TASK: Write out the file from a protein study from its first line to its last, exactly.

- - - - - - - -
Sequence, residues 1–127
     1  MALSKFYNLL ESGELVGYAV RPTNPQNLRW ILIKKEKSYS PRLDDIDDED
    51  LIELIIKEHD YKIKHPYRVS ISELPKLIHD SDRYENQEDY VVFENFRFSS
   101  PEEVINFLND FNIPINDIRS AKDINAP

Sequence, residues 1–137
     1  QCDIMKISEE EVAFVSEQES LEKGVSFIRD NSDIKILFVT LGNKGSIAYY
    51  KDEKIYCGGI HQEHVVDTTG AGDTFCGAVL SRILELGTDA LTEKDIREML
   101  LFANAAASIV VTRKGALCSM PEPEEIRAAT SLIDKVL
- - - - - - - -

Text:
Sequence, residues 1–127
     1  MALSKFYNLL ESGELVGYAV RPTNPQNLRW ILIKKEKSYS PRLDDIDDED
    51  LIELIIKEHD YKIKHPYRVS ISELPKLIHD SDRYENQEDY VVFENFRFSS
   101  PEEVINFLND FNIPINDIRS AKDINAP

Sequence, residues 1–137
     1  QCDIMKISEE EVAFVSEQES LEKGVSFIRD NSDIKILFVT LGNKGSIAYY
    51  KDEKIYCGGI HQEHVVDTTG AGDTFCGAVL SRILELGTDA LTEKDIREML
   101  LFANAAASIV VTRKGALCSM PEPEEIRAAT SLIDKVL